Tobacco harm reduction, defined as encouraging smokers to switch to lower-risk, smoke-free tobacco products or e-cigarettes, is a promising option, but one opposed by public health authorities unwilling to consider use of any non-pharmaceutical tobacco product in the context of a public health initiative. Supported abrupt cessation, defined as promotion of web-based educational materials or 1-6 hours of pre-cessation education or counseling and control of contraband tobacco products, deserves far more attention than it has gotten to date.

These options are not supported by current tobacco-control programs because the definitive research to demonstrate their effectiveness on individual and population bases has not yet been done.

To all of you Indiana Vapers, and even those not in Indy– Beware the current legislation. It will treat ejuice and ecigs like tobacco products. This can lead to sin taxes which will increase prices significantly and potentially put the small shops out of business.

Not only does this impact Indiana, but it may become a legal precedent and enable other states to follow suit with similar legislation. We can all agree on the basics: safe bottles, no underage, accurate labeling, etc, but most proposed legislation takes it too far.

Be proactive and contact the Indiana Governor as well as your local representatives and urge them not to pass any bill that would treat ecigs and ejuice like tobacco products. That treatment would stifle free enterprise and allow big tobacco to rule the market.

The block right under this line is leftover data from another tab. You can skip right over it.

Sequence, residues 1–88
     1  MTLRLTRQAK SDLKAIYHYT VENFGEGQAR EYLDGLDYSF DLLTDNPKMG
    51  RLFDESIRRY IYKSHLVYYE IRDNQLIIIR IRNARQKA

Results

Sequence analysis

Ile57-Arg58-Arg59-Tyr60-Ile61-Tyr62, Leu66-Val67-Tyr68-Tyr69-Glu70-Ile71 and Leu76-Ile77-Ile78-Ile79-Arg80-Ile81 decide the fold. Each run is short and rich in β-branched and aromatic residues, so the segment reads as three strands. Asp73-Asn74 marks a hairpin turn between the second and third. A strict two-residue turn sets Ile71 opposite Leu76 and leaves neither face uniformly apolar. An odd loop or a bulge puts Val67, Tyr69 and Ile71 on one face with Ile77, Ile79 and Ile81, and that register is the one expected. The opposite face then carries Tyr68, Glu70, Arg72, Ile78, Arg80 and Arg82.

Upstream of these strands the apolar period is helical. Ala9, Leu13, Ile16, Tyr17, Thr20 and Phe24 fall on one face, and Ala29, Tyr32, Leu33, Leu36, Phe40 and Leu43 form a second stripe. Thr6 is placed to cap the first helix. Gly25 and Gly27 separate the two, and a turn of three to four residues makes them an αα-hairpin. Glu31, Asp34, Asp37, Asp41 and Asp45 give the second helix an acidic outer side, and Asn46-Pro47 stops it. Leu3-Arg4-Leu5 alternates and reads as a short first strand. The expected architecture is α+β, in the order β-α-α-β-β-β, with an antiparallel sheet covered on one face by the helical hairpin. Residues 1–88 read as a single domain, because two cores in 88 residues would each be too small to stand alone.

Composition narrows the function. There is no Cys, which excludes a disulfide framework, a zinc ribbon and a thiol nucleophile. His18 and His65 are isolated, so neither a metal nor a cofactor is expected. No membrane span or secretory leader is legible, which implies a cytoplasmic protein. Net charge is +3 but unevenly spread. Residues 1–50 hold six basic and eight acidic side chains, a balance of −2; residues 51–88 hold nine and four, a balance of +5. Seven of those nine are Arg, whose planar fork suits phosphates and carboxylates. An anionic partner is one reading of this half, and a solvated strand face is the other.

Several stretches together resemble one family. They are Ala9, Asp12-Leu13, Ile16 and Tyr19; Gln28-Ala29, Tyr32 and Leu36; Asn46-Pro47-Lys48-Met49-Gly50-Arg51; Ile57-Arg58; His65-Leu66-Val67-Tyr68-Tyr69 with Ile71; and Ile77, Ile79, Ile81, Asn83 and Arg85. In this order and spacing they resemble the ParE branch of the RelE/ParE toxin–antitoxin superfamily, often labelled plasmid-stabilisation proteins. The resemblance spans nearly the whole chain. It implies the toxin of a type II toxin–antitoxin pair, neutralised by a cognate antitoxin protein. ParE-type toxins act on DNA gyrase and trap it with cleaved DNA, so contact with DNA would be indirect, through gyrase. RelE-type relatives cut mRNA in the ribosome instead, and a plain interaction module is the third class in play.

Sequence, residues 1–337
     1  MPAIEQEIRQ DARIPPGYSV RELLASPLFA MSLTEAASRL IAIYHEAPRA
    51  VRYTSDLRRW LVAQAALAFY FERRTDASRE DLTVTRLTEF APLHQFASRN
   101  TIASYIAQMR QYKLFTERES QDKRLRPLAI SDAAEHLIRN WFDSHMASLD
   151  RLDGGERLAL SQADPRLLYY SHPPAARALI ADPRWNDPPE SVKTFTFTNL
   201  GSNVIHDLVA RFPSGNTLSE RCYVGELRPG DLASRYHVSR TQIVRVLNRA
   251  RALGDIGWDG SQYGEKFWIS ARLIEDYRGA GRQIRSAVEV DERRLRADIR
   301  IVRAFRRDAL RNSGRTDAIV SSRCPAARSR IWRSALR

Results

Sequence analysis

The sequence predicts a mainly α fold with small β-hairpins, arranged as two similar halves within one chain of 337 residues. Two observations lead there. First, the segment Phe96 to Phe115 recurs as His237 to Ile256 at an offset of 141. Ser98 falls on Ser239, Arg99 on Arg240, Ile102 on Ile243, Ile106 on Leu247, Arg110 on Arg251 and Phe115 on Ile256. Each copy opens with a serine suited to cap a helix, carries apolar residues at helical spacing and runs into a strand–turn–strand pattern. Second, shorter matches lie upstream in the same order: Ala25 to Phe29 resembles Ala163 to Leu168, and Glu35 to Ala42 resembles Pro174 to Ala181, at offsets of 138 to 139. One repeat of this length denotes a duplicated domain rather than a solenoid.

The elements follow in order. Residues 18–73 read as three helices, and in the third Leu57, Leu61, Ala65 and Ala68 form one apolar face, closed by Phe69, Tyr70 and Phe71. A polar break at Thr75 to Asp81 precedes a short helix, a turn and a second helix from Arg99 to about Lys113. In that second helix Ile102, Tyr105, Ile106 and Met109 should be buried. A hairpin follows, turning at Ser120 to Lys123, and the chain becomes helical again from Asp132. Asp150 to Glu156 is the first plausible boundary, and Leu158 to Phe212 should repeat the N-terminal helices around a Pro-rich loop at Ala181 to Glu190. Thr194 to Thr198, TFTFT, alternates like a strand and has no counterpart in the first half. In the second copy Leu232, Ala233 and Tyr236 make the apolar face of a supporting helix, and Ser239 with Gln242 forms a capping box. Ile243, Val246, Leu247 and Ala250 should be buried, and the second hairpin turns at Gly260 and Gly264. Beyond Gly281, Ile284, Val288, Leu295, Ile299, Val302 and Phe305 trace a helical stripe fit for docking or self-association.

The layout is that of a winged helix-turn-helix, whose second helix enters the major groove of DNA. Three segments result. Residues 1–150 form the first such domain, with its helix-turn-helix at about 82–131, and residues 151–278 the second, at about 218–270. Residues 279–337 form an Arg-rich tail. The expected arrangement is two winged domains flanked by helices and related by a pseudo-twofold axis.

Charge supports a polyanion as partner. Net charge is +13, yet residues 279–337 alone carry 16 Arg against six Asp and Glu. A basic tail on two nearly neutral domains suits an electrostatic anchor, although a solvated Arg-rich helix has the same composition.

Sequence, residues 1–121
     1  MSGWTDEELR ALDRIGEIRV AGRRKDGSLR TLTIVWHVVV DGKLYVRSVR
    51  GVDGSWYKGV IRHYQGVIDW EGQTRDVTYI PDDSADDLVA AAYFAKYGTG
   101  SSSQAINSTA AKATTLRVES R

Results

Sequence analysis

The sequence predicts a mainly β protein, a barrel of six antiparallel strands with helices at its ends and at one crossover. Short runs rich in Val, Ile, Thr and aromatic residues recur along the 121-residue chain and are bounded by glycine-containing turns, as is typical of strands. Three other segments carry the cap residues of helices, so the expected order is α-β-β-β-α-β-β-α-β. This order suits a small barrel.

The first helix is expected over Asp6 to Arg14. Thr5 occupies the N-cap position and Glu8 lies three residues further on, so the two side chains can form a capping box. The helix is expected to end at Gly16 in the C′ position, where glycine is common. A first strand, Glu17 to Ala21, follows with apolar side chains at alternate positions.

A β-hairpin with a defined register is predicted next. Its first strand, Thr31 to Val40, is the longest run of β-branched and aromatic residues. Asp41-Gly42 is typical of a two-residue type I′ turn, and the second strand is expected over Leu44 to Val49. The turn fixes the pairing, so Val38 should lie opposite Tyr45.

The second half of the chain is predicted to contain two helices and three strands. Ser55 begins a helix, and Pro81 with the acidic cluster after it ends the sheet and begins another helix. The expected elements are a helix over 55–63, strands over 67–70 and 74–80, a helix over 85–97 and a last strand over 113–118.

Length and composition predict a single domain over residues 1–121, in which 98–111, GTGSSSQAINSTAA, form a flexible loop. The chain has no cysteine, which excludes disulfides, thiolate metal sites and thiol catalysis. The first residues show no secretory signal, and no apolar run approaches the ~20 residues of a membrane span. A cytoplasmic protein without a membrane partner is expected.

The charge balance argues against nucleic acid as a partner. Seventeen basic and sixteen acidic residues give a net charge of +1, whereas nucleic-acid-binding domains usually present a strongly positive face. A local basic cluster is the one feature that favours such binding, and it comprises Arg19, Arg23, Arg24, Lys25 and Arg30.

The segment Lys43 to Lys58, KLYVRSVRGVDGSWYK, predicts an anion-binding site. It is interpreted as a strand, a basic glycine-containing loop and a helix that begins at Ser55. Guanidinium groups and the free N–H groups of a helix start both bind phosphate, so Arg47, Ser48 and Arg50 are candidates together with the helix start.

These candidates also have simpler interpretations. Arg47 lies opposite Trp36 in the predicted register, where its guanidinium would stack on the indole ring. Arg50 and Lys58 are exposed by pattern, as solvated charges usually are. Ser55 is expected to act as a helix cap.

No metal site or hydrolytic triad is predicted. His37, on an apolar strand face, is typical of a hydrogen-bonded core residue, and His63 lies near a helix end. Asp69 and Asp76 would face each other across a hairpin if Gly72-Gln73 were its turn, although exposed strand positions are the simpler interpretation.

A summary from Reddit user Vorrador02

E-liquid is now a tobacco product, regardless of nicotine strength. This can lay ground for future sin taxes.
Distributors, mixers and manufactures must have a clean room (lab grade) locked under a keypad system that is monitored by a third party security company.
An alcohol and tobacco license must be applied for and purchased to manufacture e-liquid. $1000 initial, $500 every 5 years.
Anyone applying for this permit is subject to background checks and may not obtain a permit if felonies exist on their personal record.
These regulations also apply to anyone out of state wishing to sell e-liquid in Indiana. Tough shit, if they can’t meet these requirements they face a civil fine of up to $10,000.
This may include DIY ingredients as well. If your nude nicotine can’t meet the new proposed regulations then you can’t get it.

Governor Mike Pence hasn’t signed the bill yet. Call him at 317-232-4567. Email can be sent via: https://www.in.gov/gov/2333.htm Write a letter to: 200W Washington St. Rm 206, Indianapolis, IN 46204

Oppose Indiana HB 1432 and SB 539